Rising confidence among U.S. consumers will help drive global economic growth and spur a “secular bull market” in developing-nation stocks, investor Mark Mobius said.
“The consumers are back,” Mobius, who oversees about $34 billion as executive chairman of Templeton Emerging Markets Group, said in a phone interview today. “There’s still an incredible amount of economic activity taking place, more in emerging markets, but it’s also true in the U.S.”
The Conference Board’s index of U.S. consumer sentiment rose in November to the highest level in five months, while figures from ADP Employer Services today showed companies boosted payrolls by more than economists’ estimated ahead of the holiday-shopping season. A Brazilian gauge of consumer confidence jumped to a record last month. Companies that sell discretionary consumer goods have led gains in global equities this year, according to MSCI Inc. indexes.
“The airports are packed with people travelling and shopping,” said Mobius, who spoke after reaching Hong Kong from Dubai. “You see that everywhere you travel.”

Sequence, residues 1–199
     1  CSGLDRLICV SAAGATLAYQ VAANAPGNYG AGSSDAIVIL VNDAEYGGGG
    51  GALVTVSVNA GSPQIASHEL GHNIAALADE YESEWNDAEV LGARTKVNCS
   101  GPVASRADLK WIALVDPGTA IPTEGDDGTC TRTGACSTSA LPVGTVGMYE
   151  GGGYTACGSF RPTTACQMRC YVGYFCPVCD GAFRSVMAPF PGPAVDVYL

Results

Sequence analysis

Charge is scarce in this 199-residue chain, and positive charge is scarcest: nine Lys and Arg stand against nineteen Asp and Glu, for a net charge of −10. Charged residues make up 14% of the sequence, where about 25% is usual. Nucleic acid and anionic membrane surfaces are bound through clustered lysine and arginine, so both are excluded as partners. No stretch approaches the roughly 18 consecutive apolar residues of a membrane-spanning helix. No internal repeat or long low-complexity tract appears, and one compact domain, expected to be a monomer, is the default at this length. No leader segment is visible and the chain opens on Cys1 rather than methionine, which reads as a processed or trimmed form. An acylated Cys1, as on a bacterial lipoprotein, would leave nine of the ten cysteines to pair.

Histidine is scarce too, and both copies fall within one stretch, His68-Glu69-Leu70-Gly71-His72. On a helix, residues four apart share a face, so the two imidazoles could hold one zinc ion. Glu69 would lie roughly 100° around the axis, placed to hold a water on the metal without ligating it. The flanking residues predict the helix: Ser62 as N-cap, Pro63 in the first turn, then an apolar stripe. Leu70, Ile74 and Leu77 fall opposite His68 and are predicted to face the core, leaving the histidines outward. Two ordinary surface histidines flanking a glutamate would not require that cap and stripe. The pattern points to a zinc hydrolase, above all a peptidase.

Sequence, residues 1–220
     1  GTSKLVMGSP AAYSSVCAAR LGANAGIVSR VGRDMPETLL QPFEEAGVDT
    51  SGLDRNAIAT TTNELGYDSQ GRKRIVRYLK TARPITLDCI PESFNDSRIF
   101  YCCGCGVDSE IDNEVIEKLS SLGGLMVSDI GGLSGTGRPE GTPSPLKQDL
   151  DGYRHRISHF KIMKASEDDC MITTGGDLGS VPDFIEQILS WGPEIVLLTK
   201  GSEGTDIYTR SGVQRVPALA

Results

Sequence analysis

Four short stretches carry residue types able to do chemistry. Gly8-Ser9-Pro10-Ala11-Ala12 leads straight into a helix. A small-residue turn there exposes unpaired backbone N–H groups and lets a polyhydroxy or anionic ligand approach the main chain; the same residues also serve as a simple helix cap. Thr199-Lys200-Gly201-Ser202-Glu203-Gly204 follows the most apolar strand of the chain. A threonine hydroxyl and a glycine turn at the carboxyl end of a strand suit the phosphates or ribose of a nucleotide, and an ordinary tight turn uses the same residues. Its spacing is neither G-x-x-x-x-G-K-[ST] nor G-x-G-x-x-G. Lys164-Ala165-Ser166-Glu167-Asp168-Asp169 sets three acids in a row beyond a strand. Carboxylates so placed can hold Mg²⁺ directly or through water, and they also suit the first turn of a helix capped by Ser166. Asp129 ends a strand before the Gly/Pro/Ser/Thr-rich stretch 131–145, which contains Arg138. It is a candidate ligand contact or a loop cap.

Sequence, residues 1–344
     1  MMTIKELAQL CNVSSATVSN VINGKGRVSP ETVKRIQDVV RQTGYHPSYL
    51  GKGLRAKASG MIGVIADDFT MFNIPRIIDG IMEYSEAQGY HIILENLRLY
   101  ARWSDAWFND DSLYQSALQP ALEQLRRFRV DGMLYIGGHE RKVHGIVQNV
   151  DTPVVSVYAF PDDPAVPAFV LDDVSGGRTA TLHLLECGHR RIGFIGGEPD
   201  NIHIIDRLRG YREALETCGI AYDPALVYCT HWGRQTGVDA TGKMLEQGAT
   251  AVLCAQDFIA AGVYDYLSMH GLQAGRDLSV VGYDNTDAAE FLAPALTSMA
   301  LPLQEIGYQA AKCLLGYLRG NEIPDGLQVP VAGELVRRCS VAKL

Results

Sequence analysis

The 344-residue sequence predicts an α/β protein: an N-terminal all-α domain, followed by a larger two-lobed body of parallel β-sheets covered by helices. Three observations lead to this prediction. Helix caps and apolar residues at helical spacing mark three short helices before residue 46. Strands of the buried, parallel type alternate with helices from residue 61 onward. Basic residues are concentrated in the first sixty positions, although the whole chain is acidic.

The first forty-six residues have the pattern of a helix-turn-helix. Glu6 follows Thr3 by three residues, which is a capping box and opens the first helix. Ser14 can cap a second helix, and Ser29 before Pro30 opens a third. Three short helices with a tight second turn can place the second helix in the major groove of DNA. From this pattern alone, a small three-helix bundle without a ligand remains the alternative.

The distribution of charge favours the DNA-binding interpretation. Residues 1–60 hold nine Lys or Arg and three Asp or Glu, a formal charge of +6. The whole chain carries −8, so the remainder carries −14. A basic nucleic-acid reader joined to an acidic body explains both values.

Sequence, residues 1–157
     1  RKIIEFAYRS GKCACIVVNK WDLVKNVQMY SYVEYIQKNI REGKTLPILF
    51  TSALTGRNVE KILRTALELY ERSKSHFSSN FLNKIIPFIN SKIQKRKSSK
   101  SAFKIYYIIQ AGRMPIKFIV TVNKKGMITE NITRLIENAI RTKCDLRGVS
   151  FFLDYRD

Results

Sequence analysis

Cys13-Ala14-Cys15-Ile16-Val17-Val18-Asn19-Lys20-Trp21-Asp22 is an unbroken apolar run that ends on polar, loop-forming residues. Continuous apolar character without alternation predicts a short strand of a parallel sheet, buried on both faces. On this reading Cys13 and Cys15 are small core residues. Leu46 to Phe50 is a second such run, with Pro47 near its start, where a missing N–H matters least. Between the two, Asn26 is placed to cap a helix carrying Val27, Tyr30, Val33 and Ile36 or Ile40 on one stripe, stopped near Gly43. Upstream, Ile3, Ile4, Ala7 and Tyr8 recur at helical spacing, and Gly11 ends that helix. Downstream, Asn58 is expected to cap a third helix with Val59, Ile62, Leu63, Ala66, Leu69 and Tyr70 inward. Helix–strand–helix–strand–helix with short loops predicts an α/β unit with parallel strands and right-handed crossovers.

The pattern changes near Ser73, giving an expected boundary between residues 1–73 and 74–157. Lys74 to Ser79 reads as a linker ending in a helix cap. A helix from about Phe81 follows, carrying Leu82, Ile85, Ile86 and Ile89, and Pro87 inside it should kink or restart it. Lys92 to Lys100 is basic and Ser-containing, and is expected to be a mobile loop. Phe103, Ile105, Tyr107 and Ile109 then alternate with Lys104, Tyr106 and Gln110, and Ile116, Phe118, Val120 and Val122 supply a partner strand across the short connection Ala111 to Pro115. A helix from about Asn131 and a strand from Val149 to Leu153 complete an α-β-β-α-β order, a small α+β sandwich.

The Conference Board’s sentiment index increased to 54.1, exceeding the median forecast of 53 in a Bloomberg News survey, figures from the New York-based research group showed yesterday. Companies in the U.S. boosted payrolls by 93,000 in November, the most since November 2007 and propelled by increased hiring at small businesses, ADP Employer Services said today.
In Brazil, the Getulio Vargas Foundation’s seasonally adjusted consumer-confidence index rose to 125.4 in November, highest since at least 2005, data compiled by Bloomberg show.
The MSCI All-Country World Consumer Discretionary Index has climbed 21 percent this year, compared with a 5.2 percent gain in MSCI’s gauge of global shares.
“I never believed in a double dip” recession, Mobius said. “It’s just not in the cards.”
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